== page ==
Review: Plague Arcanist (Frith Chronicles #4) by Shami Stovall

Deserts. Rogues. A secret hidden in an underground maze.

Every moment counts as Volke Savan races south to the city of New Norra. His goal: find Theasin Venrover, the famous artificer who may have a cure for the arcane plague. Separated from most of the Frith Guild—and even his sister—Volke must rely on the crew of the airship, the Sun Chaser, to help him find Theasin in time.

To complicate matters, the desert city of New Norra is steeped in mystery, and the massive maze under the streets could potentially solve all of Volke’s problems. With hunters after him, and dread pirates in the port, Volke finds himself forced to choose between equally terrible options…

Continue the Frith Chronicles with the fourth book, Plague Arcanist!


What is Plague Arcanist about?

This installment of Stovall’s series picks up where the last left off: with spoiler for Coliseum Arcanist Volke facing his infection with the arcane plague and leaving with the Sun Chaser. Adelgis determines that the best course of action for the arcanists will be to find his father in New Norra, a desert land known to be home to the mysterious and legendary khepera. Adelgis’s father has been working on a cure for the arcane plague for years, and the khepera may factor into it due to their mythical restoration powers.

Genre: YA Fantasy

I don’t have a lot to expand on in the genre of these novels. They’re pretty good about maintaining the hallmarks of the fantasy world.

Tropes: Self Isolation

For this part of Volke’s hero journey–which is undoubtably what this series is–he must struggle in what feels like extreme isolation. Despite a childhood with only Gravekeeper William and Illia by his side, Volke felt loved and secure on the Isle of Ruma. Now, he has left the Frith guild behind. Despite having Fain and Adelgis by his side, and his new friend Karna, Volke continues to feel increasingly more alone and is additionally fearful of leaning too much on Luthair, whose exposure to the plague must be limited.

Plot: Volke’s Plaguey Adventures

This is ultimately the “sidequest” installment in the series. For the first time since the first book, Volke spends extensive time without his fellow apprentices and mentor in the Frith guild. He explores a lot of themes, moments, and emotional struggles that are unique to his part of the story, addressing foreshadowing and dropped hints from the first three books before moving on with his hero journey.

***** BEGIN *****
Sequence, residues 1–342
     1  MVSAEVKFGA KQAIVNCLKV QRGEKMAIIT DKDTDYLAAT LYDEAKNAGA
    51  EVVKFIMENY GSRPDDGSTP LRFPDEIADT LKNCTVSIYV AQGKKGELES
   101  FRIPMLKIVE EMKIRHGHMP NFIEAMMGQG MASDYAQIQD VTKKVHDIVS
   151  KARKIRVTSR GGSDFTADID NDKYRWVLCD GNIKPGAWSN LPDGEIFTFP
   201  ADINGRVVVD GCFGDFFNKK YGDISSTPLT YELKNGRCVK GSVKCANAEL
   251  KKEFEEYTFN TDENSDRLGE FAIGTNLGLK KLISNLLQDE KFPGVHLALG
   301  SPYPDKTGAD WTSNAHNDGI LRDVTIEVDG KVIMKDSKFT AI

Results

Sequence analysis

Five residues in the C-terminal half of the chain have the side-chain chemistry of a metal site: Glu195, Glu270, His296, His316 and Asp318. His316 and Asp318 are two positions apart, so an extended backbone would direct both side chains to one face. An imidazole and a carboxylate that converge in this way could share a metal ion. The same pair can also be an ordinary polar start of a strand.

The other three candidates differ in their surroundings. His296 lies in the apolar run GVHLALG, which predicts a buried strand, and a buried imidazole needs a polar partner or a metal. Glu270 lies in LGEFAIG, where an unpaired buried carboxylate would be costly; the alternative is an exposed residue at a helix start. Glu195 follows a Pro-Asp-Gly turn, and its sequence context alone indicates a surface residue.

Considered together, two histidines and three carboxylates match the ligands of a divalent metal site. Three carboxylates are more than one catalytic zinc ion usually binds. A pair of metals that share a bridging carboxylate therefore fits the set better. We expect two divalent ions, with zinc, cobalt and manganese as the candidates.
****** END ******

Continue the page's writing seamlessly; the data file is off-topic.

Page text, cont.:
The Good

This book tugged on my heart strings in just….so many ways. To avoid spoilers, I won’t discuss the ending as much as it pains me (it was very very good). I enjoyed seeing the bond Volke formed with Fain, now that he’s a part of the gang, and I also really enjoyed seeing his friendship with Adelgis again after last book, where Adelgis was unconscious for most of the story. The way Volke leans on Fain, Adelgis, and even the crew of the Sun Chaser when loneliness threatens him is fantastic. I also love Luthair’s determination to save his arcanist from any fate, proving time and time again that Volke has more than earned his eldrin’s loyalty. The reveal with Volke’s family history was one I kind of saw coming, but it was still played out in an interesting and surprising way. Overall, the side characters introduced and fleshed out in this book were excellent additions to the story, and boy did I love getting to see Calisto again in a new way.

The Okay

Some of the plot regarding Joze was a little bit lackluster. I thought it was a good inclusion, and I’m invested in seeing more about his and Volke’s relationship as it grows. But I feel like Volke went into the situation with a variety of emotions that he either deflated for himself or just never addressed again. I would’ve liked a bit more confrontation between them, or perhaps more emotional bonding.

The Bad

Haha, did you really think I had anything genuinely bad to say about this book?

Final Thoughts

This book brings some much needed angst, fear, and depth to the emotions of the series. We’ve had powerful confrontations before, but this whole novel is a confrontation of Volke’s worst fears. The emotional impact of that for the entire series cannot be understated. This is the moment in his hero’s journey where he doubts himself, where he experiences loneliness and isolation from the Frith Guild and his closest friends and family. But Volke is still not alone, he inspires so much love and loyalty in those around him that they join him on his journey and seek solutions rather than lose him. In this book, Volke really comes into his own as a protagonist, and his struggles are so real. When his success towards the end is celebrated in the most wonderful way possible, as a reader I couldn’t help but want to cheer for him. This book is a powerful one, and I adored every moment of it.

By Catherine

I'm a lover of books, coffee, wine, and bees. Happy to join the ranks of book bloggers everywhere!

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